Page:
The NRCDC Divestiture

The NRCDC Divestiture

Upon granting the TRO restraining the City from removing the NRCDC board, the District Court scheduled a hearing for December 20, 2016. To prepare for the hearing, City Attorney Kahn filed extensive court papers defending the City’s position and accusing NRCDC counsel of attempting to mislead the court (see City’s Response to Motion). For this he charged the City $33,457.23 (see Bills, matter 259).  But on the night before the scheduled hearing, the Salida City Council called a special meeting at which, without public input, it surrendered power to replace NRCDC board and gave up on the Fire Sale. This action mooted the case in the District Court, which the NRCDC agreed to dismiss.

The City’s surrender was in the form of Resolution 2016-97, drafted by the City Attorney, purporting to “divest” the city of the NRCDC.  With this Divestiture, the City avoided a potentially adverse decision in the NRCDC’s law suit as well as a possible declaration by the Court that no TABOR violation existed.  Instead, as Fire Sale proponents claimed, the Divestiture removed “control” of the NRCDC by the City, which they contended was a cause of the alleged TABOR violation.

So whether the Divestiture had saved the City from a TABOR violation or merely saved face for certain city officials, it had a number of other legal consequences for the City.

Prior to the Divestiture, three sets of documents governed the relationship between the NRCDC and the City: 1) the NRCDC Articles and Bylaws, which created the NRCDC and gave the City power to appoint and remove NRCDC board members and to approve or reject amendments to those documents; 2) the NRCDC/City Development Agreement, as amended, which gave the City most of its rights in the Vandaveer property; and 3) an unrestricted general warranty deed, which conveyed the Vandaveer Ranch title to the NRCDC.  The Divestiture essentially eliminated the first two.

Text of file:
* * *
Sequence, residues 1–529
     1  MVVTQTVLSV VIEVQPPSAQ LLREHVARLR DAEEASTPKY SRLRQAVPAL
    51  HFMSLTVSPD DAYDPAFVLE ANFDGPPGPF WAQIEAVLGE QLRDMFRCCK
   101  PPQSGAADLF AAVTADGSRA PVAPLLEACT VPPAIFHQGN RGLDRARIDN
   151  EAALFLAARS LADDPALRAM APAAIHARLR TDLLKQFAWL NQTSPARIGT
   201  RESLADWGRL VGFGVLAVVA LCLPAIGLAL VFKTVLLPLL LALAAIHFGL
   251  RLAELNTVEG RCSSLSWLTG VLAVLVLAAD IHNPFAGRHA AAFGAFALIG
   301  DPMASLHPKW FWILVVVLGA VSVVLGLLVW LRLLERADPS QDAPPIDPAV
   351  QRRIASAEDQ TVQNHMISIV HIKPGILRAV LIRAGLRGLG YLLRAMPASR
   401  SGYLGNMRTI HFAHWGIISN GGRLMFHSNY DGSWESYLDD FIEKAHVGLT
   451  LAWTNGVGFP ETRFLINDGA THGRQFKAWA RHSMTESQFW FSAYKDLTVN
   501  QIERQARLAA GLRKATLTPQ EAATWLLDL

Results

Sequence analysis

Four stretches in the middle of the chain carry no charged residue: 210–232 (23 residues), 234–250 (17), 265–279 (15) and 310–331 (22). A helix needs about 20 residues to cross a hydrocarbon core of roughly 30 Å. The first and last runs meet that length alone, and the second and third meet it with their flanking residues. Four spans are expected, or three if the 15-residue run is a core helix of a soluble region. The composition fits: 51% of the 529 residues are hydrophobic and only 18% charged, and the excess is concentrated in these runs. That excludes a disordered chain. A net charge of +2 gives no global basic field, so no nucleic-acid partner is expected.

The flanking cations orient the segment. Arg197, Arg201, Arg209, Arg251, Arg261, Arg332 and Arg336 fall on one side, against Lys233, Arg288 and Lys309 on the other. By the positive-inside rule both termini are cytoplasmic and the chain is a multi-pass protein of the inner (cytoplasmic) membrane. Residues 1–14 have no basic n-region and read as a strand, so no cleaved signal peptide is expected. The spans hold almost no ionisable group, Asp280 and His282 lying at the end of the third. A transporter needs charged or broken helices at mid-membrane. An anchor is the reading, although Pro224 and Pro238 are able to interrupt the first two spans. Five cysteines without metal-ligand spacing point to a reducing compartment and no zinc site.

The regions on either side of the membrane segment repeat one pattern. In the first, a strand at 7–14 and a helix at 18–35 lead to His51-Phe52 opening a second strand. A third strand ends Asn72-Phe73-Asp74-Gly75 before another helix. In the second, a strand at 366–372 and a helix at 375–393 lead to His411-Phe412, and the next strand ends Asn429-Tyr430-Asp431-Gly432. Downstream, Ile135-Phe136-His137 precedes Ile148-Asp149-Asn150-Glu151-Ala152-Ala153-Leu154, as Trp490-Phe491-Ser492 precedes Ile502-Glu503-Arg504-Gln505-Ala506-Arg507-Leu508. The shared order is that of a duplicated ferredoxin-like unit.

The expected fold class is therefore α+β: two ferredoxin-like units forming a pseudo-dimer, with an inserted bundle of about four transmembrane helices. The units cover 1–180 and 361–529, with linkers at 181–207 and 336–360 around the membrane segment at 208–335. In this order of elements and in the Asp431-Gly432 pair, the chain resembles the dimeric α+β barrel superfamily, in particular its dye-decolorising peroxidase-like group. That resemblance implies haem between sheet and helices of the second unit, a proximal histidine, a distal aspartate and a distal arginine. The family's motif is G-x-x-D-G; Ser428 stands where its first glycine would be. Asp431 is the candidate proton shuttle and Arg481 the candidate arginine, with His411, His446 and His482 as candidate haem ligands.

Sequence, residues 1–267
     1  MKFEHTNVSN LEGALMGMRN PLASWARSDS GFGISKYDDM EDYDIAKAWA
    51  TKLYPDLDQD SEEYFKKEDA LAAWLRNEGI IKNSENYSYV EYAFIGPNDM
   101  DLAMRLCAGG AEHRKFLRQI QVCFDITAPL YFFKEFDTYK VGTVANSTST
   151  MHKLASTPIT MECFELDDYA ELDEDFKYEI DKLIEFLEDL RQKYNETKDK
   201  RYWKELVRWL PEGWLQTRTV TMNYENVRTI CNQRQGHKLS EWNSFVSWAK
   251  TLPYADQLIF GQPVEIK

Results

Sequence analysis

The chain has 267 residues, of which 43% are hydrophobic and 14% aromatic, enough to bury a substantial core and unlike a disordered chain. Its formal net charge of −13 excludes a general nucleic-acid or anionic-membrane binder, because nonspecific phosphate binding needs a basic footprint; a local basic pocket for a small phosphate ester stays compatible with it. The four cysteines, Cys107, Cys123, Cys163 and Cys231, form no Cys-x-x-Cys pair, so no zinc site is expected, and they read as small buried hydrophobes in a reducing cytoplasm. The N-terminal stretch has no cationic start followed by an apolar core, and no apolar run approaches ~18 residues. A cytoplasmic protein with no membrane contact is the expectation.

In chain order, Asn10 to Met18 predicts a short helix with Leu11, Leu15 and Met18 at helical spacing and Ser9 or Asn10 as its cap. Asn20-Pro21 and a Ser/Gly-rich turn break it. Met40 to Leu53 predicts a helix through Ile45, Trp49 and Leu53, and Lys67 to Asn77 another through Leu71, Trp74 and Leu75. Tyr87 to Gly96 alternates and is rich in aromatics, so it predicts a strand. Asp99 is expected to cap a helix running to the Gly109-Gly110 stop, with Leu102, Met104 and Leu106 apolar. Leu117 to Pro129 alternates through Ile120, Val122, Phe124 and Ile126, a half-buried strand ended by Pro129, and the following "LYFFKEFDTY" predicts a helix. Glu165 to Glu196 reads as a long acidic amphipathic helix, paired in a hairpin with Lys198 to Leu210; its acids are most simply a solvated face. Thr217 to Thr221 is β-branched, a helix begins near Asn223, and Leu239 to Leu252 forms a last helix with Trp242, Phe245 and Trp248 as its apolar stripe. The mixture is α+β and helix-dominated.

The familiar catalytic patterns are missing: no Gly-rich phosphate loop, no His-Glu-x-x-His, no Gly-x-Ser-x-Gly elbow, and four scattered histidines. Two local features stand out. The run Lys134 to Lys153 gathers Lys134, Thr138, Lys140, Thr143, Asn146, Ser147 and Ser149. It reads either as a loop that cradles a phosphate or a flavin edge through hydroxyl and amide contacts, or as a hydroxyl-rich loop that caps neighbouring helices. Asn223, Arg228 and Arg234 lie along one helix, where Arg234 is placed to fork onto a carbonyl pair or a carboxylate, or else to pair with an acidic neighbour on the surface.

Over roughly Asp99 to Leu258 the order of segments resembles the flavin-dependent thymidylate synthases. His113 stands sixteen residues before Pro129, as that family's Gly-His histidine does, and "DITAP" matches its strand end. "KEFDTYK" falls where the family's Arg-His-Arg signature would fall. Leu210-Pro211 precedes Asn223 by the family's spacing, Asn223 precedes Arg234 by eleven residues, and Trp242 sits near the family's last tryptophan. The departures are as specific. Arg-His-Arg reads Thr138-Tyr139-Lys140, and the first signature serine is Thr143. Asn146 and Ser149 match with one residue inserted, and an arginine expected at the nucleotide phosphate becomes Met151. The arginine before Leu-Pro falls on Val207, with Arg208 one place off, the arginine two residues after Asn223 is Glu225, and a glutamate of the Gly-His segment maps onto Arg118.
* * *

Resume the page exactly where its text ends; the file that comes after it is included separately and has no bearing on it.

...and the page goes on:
Under the Divestiture resolution:

The City surrendered on behalf of itself and its citizens the power to remove and appoint NRCDC board members or to approve changes in the Bylaws and Articles of the NRCDC, leaving that power solely in the hands of the NRCDC board itself; and

The City repudiated the NRCDC/City Development Agreement and the only other source of the rights of the City in the Vandaveer Ranch, as none were reserved in the deed of the Vandaveer property to the NRCDC. The City thereby:

  • lost all rights to reacquire the Vandaveer Ranch without cost, whether upon completion of all projects, upon payoff of the indebtedness on the property, or otherwise, leaving the property perpetually owned by the NRCDC, to be managed, developed or sold at the sole discretion of the NRCDC board;
  • lost all rights to approve or reject any sales of parcels of the Vandaveer property by the NRCDC;
  • lost all rights to influence the development of the Vandaveer property other than merely as a governmental regulator and service provider;
  • lost any residual rights to land that had been at least partially used for governmental purposes, arguably in violation of Colorado law; and
  • lost the ability to enforce any other rights of the City might have had under the Development Agreement.

By terminating an agreement that contained no unilateral right of the City to terminate, and by repudiating all of City’s obligations under the agreement, the City in all likelihood breached the Development Agreement with the NRCDC, and lost all rights the City had to enforce any part of the agreement, notwithstanding self-serving language in the Divestiture resolution that it was reserving its rights.


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